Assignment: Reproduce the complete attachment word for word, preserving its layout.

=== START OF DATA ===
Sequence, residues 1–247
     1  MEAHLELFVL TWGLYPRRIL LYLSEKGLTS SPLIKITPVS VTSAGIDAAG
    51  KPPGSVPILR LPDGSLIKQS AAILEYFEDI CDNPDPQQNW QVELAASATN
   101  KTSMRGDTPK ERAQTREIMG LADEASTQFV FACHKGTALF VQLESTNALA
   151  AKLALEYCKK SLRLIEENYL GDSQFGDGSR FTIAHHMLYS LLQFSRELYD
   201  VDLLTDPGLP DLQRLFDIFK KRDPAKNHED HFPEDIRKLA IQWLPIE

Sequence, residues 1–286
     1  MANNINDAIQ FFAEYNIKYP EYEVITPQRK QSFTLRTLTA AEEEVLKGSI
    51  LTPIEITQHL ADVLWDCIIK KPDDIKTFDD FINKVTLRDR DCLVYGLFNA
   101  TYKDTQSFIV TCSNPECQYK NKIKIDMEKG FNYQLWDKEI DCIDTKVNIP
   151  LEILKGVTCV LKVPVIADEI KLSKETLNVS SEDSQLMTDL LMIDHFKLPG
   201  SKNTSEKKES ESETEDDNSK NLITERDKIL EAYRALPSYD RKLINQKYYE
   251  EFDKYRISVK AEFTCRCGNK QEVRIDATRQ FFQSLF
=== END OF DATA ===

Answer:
Sequence, residues 1–247
     1  MEAHLELFVL TWGLYPRRIL LYLSEKGLTS SPLIKITPVS VTSAGIDAAG
    51  KPPGSVPILR LPDGSLIKQS AAILEYFEDI CDNPDPQQNW QVELAASATN
   101  KTSMRGDTPK ERAQTREIMG LADEASTQFV FACHKGTALF VQLESTNALA
   151  AKLALEYCKK SLRLIEENYL GDSQFGDGSR FTIAHHMLYS LLQFSRELYD
   201  VDLLTDPGLP DLQRLFDIFK KRDPAKNHED HFPEDIRKLA IQWLPIE

Sequence, residues 1–286
     1  MANNINDAIQ FFAEYNIKYP EYEVITPQRK QSFTLRTLTA AEEEVLKGSI
    51  LTPIEITQHL ADVLWDCIIK KPDDIKTFDD FINKVTLRDR DCLVYGLFNA
   101  TYKDTQSFIV TCSNPECQYK NKIKIDMEKG FNYQLWDKEI DCIDTKVNIP
   151  LEILKGVTCV LKVPVIADEI KLSKETLNVS SEDSQLMTDL LMIDHFKLPG
   201  SKNTSEKKES ESETEDDNSK NLITERDKIL EAYRALPSYD RKLINQKYYE
   251  EFDKYRISVK AEFTCRCGNK QEVRIDATRQ FFQSLF